When I worked at a different institution, I sometimes heard people say that we should not keep students from multitasking, because that’s how students today learn. The current generation of students grew up in a world surrounded by technology, and using technology has become part of their lives as much as eating and sleeping. In class, students may simultaneously be using social media and text messaging, and yet they could be on task and spell the most difficult foreign words at the same time. This is a case where it may be difficult to tell students “you could have done better if you hadn’t done these things.” It seems to be difficult to evaluate the disadvantages and the effects of multitasking, yet it’s not too difficult at the same time.

From 2008 to 2012, there were five research studies that examined the impact on learning when multitasking. Theresults showed that students who multitask in class did significantly poorer than students who did not multitask. Dr. Maryellen Weimer wrote a blog post on this subject.  He summarized the five studies in the blog post. If you are interested in more details, the citations are below.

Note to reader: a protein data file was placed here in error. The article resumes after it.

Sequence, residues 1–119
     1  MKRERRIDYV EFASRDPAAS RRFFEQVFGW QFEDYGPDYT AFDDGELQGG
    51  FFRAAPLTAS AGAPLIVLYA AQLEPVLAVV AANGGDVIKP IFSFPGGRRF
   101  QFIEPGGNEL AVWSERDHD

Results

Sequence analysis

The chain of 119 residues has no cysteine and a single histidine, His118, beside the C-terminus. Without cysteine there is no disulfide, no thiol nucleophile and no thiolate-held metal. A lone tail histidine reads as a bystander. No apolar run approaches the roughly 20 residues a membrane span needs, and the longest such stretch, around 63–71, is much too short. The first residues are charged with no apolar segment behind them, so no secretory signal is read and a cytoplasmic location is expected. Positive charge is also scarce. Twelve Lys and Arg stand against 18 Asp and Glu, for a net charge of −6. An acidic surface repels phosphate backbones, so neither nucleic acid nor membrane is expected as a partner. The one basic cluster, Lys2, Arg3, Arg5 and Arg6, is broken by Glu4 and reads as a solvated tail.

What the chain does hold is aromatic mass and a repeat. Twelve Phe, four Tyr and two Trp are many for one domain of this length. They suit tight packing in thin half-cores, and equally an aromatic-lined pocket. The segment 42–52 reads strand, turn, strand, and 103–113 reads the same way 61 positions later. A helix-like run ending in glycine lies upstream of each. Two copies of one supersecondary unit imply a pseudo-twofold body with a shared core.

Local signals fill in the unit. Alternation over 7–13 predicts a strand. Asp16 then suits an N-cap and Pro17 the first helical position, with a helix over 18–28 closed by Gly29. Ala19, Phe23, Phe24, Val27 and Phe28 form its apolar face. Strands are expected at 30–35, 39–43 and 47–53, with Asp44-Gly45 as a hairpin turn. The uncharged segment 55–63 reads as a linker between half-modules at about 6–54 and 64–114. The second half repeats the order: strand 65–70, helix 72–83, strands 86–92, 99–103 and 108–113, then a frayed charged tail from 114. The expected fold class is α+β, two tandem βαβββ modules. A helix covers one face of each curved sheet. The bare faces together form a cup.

Ellis, Y., Daniels, W. and Jauregui, A. (2010). The effect of multitasking on the grade performance of business students. Research in Higher Education Journal, 8.  (PDF)

Kraushaar, J. M. and Novak, D. C. (2010). Examining the affects of student multitasking with laptops during lecture. Journal of Information Systems Education, 21 (2), 241-251.

Bowman, L. L., Levine, L. E., Waite, B. M. and Dendron, M. (2010). Can students really multitask? An experimental study of instant messaging while reading. Computers & Education, 54, 927-931.

Barak, L. (2012). Multitasking in the university classroom. International Journal for the Scholarship of Teaching and Learning, 6 (2).

Fried, C. B. (2008). In-class laptop use and its effects on student learning. Computers and Education, 50 (3), 906-914.

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